Epidural analgesia comes to Kyrgyzstan

Epidural analgesia comes to Kyrgyzstan

Dr Talgatbek Tashmatov administers epidural anesthesia to a woman in labour under the supervision of Dr Gerlinde Partecke © GIZ/Maxime Fossat

For three weeks in February and early March, anesthesiologists at the Bishkek City Perinatal Center had the chance to upgrade their skills without leaving their workplace. Dr Gerlinde Partecke, a retired anesthesiologist from Berlin, trained teams of anesthesiologists, obstetricians, nurses and midwives how to administer epidural analgesia to women in childbirth. Partecke’s visit to Bishkek was organised through the Senior Expert Service (SES), in cooperation with the Promotion of Perinatal Health in Kyrgyzstan project.

The City Perinatal Center has been working closely with GIZ since 2014 to improve the quality of its perinatal services, with a particular focus on emergency obstetric care and interdisciplinary teamwork. Under the current project, cooperation is focused on improving the clinical skills of health workers and on developing models for task shifting between doctors and midwives.

A recommended form of pain relief for women in labour

A woman in labour, Bishkek
© GIZ/Maxime Fossat

Effective pain relief can improve women’s experience of childbirth and is an important part of patient-centered obstetric care. The World Health Organization (WHO) recommends epidural analgesia for healthy pregnant women who request pain relief during labour and childbirth. In Kyrgyzstan, however, epidurals have not been available in maternity hospitals.

Earlier this year the Kyrgyz Ministry of Health approved a clinical protocol which allow the use of epidurals for pregnant women with hypertensive disorders, thereby creating the possibility to introduce this form of pain relief into maternity settings.

Dr Burul Almazbekova, chief medical officer at the City Perinatal Center, welcomed the chance for her staff to learn how to safely to administer epidurals. With 10,000 deliveries per year, the hospital is one of the busiest in Kyrgyzstan; most of the women who deliver there have been referred from other facilities because they have hypertension or other pregnancy-related complications. ‘Every woman should be able to deliver her baby in comfortable conditions,’ says Almazbekova. ‘I would like to see epidurals widely available, and not only in cases involving hypertensive disorders.’

Dr Dinara Mambetalieva is the head of anesthesiology and intensive care, and the driving force behind efforts to introduce the use of epidurals in the hospital. ‘Compared to narcotic-based forms of pain relief, there are a lot of benefits,’ Mambetalieva explains. ‘Epidurals offer highly effective pain relief, the mother remains alert and conscious throughout the birth process, and there is no depressive effect upon either the mother or the baby.’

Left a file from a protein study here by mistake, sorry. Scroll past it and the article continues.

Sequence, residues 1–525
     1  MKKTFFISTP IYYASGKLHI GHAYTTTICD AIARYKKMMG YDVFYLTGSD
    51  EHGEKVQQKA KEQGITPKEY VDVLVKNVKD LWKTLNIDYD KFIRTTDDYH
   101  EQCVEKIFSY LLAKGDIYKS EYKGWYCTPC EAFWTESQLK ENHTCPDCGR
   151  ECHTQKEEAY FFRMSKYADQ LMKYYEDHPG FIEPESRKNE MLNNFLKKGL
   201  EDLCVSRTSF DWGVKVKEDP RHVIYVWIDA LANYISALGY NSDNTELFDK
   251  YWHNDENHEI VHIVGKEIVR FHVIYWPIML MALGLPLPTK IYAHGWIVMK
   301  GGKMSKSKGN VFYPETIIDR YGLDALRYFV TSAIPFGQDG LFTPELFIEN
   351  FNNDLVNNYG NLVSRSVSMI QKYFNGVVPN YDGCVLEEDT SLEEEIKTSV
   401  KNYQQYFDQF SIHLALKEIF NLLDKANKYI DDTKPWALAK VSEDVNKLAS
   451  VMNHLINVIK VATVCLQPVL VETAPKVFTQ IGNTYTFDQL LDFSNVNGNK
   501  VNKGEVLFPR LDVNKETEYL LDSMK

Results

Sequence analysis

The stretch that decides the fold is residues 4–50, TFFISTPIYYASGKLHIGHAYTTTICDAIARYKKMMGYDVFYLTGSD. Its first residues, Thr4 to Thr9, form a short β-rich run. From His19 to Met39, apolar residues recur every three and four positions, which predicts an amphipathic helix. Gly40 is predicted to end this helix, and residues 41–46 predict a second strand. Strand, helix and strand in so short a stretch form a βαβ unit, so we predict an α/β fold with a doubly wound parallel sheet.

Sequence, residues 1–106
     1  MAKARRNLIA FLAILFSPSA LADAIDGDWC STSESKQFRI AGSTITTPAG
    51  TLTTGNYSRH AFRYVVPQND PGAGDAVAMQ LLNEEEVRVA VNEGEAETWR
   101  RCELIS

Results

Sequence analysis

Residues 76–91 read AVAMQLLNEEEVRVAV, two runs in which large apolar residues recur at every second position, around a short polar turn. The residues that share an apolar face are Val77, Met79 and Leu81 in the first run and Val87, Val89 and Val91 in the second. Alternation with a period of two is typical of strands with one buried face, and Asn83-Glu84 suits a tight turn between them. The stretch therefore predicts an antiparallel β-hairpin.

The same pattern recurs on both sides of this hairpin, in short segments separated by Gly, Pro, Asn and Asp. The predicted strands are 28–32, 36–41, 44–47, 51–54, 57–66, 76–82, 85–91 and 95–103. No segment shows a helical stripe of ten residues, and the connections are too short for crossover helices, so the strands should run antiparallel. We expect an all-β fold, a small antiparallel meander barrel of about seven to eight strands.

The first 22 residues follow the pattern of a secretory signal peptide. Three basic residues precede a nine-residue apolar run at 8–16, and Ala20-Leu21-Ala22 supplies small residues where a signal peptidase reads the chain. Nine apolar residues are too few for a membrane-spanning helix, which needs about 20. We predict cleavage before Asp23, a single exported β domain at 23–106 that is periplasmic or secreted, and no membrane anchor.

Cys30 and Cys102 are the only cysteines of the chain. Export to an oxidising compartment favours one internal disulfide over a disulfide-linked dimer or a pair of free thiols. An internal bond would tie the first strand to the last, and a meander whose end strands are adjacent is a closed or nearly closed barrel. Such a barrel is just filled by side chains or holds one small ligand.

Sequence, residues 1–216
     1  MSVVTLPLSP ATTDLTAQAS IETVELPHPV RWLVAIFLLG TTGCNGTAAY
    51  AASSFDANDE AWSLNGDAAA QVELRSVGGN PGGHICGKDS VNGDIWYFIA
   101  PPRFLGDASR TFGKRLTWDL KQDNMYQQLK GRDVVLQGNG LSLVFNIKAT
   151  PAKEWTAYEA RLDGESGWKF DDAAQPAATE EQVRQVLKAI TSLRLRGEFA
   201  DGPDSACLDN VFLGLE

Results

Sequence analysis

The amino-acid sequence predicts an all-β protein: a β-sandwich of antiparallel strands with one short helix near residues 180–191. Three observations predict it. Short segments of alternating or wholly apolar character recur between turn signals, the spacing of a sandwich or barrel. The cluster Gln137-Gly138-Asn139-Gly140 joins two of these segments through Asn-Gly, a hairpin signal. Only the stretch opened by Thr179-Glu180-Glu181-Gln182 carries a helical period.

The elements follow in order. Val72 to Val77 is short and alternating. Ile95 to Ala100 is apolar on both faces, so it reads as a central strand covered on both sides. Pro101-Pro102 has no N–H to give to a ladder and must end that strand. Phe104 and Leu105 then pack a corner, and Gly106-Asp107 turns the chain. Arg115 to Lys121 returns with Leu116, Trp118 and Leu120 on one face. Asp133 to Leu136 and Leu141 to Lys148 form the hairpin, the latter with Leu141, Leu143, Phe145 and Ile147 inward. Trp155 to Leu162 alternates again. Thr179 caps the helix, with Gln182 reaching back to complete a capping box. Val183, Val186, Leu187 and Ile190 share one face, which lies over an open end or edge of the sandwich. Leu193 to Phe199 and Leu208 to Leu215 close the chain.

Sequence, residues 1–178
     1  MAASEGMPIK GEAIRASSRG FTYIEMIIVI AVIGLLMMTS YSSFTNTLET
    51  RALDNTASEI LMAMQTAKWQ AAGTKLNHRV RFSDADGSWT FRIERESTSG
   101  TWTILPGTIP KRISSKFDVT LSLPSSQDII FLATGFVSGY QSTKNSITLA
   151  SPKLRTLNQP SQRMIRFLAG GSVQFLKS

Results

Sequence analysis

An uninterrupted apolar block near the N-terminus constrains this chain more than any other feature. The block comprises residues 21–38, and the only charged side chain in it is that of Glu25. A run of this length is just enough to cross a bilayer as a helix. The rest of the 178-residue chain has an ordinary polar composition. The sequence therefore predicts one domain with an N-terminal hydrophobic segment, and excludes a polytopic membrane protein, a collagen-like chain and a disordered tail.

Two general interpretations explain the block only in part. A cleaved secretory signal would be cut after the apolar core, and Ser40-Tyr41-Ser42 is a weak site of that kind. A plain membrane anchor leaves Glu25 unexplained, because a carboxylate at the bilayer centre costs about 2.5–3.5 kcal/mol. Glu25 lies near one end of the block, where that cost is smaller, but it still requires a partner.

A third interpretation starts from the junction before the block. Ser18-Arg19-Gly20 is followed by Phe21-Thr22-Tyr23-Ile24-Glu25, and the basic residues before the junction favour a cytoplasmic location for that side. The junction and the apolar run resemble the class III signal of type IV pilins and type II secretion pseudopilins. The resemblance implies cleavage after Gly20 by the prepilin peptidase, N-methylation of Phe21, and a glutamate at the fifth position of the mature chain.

On-the-job training combines theoretical and practical learning

Preparing the epidural set
© GIZ/Maxime Fossat

During her visit Dr Partecke delivered master classes on the use of epidural analgesia and then had teams of anesthesiologists, doctors, nurses and midwives shadow her as she demonstrated the procedure on women in labour who volunteered and gave their consent for epidural pain relief.

Partecke brought with her from Germany a large supply of epidural and spinal kits, and trained the teams how to prepare the space, the patient and the supplies in such a way that the epidural is administered under completely sterile conditions.

Over the course of the three weeks all the anesthesiologists on staff had the opportunity to administer epidurals themselves under Dr Partecke’s supervision. Dr Talgatbek Tashmatov described administering epidurals as ‘demanding’ – not only in terms of the clinical skills that are required, but also in terms of the equipment, drugs and sterile environment that are necessary to perform them successfully. But he feels confident that he can now administer epidurals independently: ‘The training was a very positive experience. We are now ready to perform epidurals, particularly where indicated with hypertensive women.’

A positive start to a longer-term partnership

A doctor and residents observe an epidural
© GIZ/Maxime Fossat

The training generated enormous interest among hospital personnel. Even those who were not directly involved were keen to observe how epidurals are administered. Dr Mambetalieva was very satisfied with the experience. ‘Every specialist dreams of having the chance to learn from an international expert at their place of work,’ she said. ‘We really look forward to continuing the cooperation.’

Partecke, for her part, was impressed by how motivated the staff were to learn. ‘The key now is to practice, practice, practice – and always under sterile conditions.’ She is scheduled to return again in May to check on progress, conduct further training, and discuss a longer-term partnership with a German hospital that could help to institutionalise the use of epidurals at the City Perinatal Center.

April 2019